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Seven steps to achieve effective volunteer support

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Starting a Volunteer Program? Here are seven essential steps to help make it a long term success.

1. Define why you need volunteers

Are you looking for volunteers to enhance the services that you provide, to strengthen your community involvement, to enrich your exposure to certain communities? Is there a genuine reason to use volunteers?

Every volunteer program must begin with an understanding of why your organization wants or needs volunteer support. Ensure that you have the support of your board of directors and senior administrators before embarking on a recruitment campaign. At the initial stage, it is also essential to establish desired outcomes for volunteer involvement. Establishing these outcome objectives early in the process will help to guide the types of volunteers that you recruit, and the way that you manage them once they have come on board.

2. Design valuable volunteer opportunities

By designing valuable volunteer assignments you provide volunteers with challenge and motivation for continued success. Lay out the responsibilities of each job. Plan training and support programs to facilitate volunteer learning and development, and ensure that volunteers are aware of the goals and outcome objectives for their involvement.

3. Recruit carefully

When you've designed your volunteer opportunities, target the appropriate audiences to recruit those who are truly interested in the project. Understand the characteristics of your existing team, and recruit volunteers to mirror this team. Be honest about the workload and time commitment involved in the project. Above all, ask for help but don't plead - you want volunteers who want to be there.

4. Screen, interview and place cautiously

Screening and interviewing potential volunteers facilitates their commitment to the organization or to the project at hand. It shows potential volunteers that you take both the project and their time seriously. Screening also gives you an opportunity to match qualifications and skills with your needs and the needs of your volunteers. An interview is also the best time to define availability and schedule activities that fit both the organization and volunteers.

5. Bring them on board with training

Comprehensive orientation and volunteer training programs give volunteers a feeling of belonging and status. It shows that your organization values them enough to make an investment in them and, again, helps to reinforce their commitment to the cause. Orientation also helps set the tone of the work area and allows volunteers to adapt more easily to the organization's surroundings.

As part of the volunteer training sessions, you should provide a general orientation to the organization, including a discussion of its mission and philosophy. Outline the organizational framework, and any codes of conduct that are enforced. Offer any project-specific training that is necessary to develop needed skills, and don't forget to tour the work area and point out the sometimes-not-so-obvious features like washrooms and water fountains.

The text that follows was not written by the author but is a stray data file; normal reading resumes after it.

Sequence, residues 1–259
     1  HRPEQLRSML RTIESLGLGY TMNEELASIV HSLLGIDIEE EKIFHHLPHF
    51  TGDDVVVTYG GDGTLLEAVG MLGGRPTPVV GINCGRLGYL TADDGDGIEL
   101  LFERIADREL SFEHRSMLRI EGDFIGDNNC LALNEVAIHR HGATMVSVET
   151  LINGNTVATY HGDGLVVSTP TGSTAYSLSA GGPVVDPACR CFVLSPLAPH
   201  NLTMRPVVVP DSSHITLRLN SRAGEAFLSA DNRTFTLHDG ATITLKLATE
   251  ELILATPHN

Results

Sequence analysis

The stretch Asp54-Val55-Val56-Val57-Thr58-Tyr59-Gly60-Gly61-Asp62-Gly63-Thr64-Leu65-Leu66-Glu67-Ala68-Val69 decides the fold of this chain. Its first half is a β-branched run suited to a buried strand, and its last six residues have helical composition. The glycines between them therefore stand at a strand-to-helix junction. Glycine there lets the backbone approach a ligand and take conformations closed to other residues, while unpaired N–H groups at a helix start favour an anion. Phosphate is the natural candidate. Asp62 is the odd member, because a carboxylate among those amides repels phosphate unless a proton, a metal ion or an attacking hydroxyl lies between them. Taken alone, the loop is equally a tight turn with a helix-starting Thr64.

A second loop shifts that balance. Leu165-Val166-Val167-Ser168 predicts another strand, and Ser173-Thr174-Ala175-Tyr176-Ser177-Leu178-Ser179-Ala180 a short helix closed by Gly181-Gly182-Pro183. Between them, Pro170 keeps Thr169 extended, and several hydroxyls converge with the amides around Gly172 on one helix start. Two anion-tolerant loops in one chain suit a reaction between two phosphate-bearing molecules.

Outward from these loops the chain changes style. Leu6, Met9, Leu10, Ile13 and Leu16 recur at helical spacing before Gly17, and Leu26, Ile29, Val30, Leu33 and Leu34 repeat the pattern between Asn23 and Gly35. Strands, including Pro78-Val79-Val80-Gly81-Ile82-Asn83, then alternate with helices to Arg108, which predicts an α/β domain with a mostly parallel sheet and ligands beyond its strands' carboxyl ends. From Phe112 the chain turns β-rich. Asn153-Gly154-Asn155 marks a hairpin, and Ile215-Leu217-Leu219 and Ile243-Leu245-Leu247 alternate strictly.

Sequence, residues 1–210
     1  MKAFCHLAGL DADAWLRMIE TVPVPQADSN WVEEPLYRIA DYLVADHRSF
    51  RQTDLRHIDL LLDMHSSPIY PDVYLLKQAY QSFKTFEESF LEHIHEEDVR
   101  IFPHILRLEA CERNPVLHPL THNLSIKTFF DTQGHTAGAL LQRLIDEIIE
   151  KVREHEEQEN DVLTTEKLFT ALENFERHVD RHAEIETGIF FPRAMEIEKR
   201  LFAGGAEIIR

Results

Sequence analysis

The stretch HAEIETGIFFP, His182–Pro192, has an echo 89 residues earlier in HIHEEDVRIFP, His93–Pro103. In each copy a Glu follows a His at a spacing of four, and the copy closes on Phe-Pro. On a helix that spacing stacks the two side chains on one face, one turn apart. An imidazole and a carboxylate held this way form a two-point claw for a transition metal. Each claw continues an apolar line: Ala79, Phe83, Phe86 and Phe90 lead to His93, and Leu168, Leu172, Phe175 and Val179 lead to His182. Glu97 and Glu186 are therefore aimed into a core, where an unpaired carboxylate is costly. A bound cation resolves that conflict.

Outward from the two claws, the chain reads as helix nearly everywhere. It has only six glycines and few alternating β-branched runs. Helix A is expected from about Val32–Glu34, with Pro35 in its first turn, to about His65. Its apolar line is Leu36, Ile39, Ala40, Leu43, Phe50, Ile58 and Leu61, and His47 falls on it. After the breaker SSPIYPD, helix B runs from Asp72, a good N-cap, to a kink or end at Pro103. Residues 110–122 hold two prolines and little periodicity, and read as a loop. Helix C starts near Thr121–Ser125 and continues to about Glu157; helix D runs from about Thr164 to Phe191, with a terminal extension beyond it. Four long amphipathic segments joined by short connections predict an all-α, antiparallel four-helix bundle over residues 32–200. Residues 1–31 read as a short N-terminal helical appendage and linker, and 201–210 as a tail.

6. Recognize. Recognize. Recognize.

Recognition programs show that your organization values volunteer support. They also provide a motivation for continuing commitment from your volunteers. Recognition should be both formal and informal, with events supported by the organization, as well as personal notes and communication. Don't forget to recognize volunteers publicly when newspaper or other media opportunities arise or when it's time to write the annual report again.

7. Follow-up effectively

A final element of a successful volunteer program is continual follow-up and evaluation. Effective follow-up provides feedback to volunteers and staff and opportunities to improve service to both. With a careful plan, and continual volunteer communication and training, it should be easy to evaluate your success and improve your program with time.

Based on a presentation at the 1997 Annual CCAE Conference by Diane Morrison, Vice President of Patient Programs at Dr. Everett Chalmers Hospital in Fredericton, NB.

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trinitynewhope@yahoo.com trinitynewhope@yahoo.com
I am a person who grew up the rural areas of the county. I grew up in poverty and I learned at an early age that wasnt the type of life I wanted to live. I didnt know how people in the city lived or how the more fortunate in rural area but i knew i didnt want to live my life that way. I ran away from home many times and in doing so i couldnt accept the lifestyle my mon had. I ran from home at the age of sixteen and never went back > I finist with my own strengths,cleaned homes,washed cars, i
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trinitynewhope@yahoo.com trinitynewhope@yahoo.com
I am a retired volunteer who desires to go back and do it again with more wisdom and understanding of the importantce of have a stredegy to operate a volunteer program. It is rewarding to coordinate people to get things done I missed that and I ant to go back with a greater desire to help people learn how to help themselves by helping others. I want to set up an example volunteer outreach program that can be used as a model around the world. I need help in seting it up and creating the proces
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